class NamedObject
    const QString &name() const; // <- no "get" prefix.
    void setName(const QString &name);
    bool hasLongName() const; // <- "has" or "is" prefix is okay

    static void myStaticFunction(); // <- also lowercase
    QString publicName;

    // Private variables have "_" suffix.
    QString name_;
    // QString name; <- collides with name() function

void myFreeStandingFunction(); // <- also lower case


void example() {
    float f = 123.456;
    int i = (int)f; // <- don't
    int i = int(f); // <- do

    Base* base = // ...
    Derived* derived = (Derived*)base;               // <- don't
    Derived* derived = dynamic_cast<Derived*>(base); // <- do

    // Only use "const_cast" solved if using proper const correctness doesn't work.
    const int c = 123;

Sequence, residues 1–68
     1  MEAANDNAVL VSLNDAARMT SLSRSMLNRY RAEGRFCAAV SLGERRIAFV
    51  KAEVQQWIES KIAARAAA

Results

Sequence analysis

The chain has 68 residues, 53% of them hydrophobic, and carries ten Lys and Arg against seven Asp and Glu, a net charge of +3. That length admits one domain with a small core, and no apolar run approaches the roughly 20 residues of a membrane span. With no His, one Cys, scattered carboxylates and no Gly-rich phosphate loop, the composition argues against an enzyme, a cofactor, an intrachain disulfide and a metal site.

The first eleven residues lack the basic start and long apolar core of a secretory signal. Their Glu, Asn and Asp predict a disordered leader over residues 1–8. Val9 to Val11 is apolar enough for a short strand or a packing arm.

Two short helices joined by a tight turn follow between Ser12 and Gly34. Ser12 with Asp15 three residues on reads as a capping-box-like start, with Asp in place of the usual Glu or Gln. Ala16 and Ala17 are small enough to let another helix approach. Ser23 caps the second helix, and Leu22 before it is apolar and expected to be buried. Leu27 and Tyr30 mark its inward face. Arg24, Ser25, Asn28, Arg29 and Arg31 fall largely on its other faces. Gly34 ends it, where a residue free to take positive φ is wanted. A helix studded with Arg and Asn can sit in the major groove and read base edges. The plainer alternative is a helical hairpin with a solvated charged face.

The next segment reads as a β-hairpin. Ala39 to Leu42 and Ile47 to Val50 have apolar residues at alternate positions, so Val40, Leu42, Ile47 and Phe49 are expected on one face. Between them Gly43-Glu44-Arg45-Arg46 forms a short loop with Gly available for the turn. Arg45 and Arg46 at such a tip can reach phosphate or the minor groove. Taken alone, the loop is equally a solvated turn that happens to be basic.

((int &)c) = 123;           // <- don't
    const_cast<int &>(c) = 123; // <- do (but only sometimes)

    // "reinterpret_cast" is also only required in very rarely.
    int p = 123;
    float *pp = (float*)&p;
    float *pp = reinterpret_cast<float*>(&p);


Always use this to refer to instance members to make it clear where we use either locals or members.

class Test
    void testFunc(int a);
    int testInt_{};

Test::testFunc(int a)
    // do
    this->testInt_ += 2;

    // don't
    testInt_ -= 123;
    this->testFunc(testInt_ + 1);

Managing resources

Regular classes

Keep the element on the stack if possible. If you need a pointer or have complex ownership you should use one of these classes: - Use std::unique_ptr if the resource has a single owner. - Use std::shared_ptr if the resource has multiple owners.

QObject classes
  • Use the object tree to manage lifetime where possible. Objects are destroyed when their parent object is destroyed.
  • If you have to explicitly delete an object use variable->deleteLater() instead of delete variable. This ensures that it will be deleted on the correct thread.
  • If an object doesn't have a parent consider using std::unique_ptr<Type, DeleteLater> with DeleteLater from "src/common/Common.hpp". This will call deleteLater() on the pointer once it goes out of scope or the object is destroyed.

Last update: May 13, 2021 08:57:49